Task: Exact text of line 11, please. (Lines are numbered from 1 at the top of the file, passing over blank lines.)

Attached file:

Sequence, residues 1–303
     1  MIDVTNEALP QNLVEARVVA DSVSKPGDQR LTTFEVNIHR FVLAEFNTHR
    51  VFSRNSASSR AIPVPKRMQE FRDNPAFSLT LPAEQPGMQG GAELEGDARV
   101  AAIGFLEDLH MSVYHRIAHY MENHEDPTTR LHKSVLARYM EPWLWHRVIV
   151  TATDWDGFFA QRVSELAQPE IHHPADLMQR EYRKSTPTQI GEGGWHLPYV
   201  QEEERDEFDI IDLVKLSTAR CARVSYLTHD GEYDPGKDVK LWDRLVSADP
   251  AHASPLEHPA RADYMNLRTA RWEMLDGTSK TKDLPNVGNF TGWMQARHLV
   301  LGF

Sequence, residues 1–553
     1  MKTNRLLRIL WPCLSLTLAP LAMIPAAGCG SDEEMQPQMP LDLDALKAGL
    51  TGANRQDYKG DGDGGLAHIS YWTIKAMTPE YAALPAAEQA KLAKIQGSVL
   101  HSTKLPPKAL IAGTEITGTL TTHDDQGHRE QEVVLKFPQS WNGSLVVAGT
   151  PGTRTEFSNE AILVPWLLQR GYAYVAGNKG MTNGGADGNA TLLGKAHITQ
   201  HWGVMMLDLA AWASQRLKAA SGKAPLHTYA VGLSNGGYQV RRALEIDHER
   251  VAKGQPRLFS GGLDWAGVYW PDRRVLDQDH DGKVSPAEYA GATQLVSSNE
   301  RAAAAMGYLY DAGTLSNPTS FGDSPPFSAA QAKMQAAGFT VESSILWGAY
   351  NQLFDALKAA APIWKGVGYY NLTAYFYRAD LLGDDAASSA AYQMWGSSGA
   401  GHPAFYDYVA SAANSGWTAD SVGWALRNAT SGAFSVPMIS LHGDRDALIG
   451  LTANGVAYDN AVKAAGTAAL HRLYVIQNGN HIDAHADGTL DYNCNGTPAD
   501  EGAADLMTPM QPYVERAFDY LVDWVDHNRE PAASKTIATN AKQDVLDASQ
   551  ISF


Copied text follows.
    51  TGANRQDYKG DGDGGLAHIS YWTIKAMTPE YAALPAAEQA KLAKIQGSVL